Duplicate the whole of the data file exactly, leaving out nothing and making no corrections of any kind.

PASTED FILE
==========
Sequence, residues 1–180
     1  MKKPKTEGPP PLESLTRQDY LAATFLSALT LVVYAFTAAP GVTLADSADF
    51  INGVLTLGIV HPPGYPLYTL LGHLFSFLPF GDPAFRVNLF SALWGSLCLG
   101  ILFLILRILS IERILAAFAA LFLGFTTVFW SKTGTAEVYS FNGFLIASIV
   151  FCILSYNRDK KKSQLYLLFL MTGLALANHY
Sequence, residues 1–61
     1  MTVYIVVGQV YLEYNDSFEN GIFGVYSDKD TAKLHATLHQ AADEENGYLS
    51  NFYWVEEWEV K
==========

Sequence, residues 1–180
     1  MKKPKTEGPP PLESLTRQDY LAATFLSALT LVVYAFTAAP GVTLADSADF
    51  INGVLTLGIV HPPGYPLYTL LGHLFSFLPF GDPAFRVNLF SALWGSLCLG
   101  ILFLILRILS IERILAAFAA LFLGFTTVFW SKTGTAEVYS FNGFLIASIV
   151  FCILSYNRDK KKSQLYLLFL MTGLALANHY
Sequence, residues 1–61
     1  MTVYIVVGQV YLEYNDSFEN GIFGVYSDKD TAKLHATLHQ AADEENGYLS
    51  NFYWVEEWEV K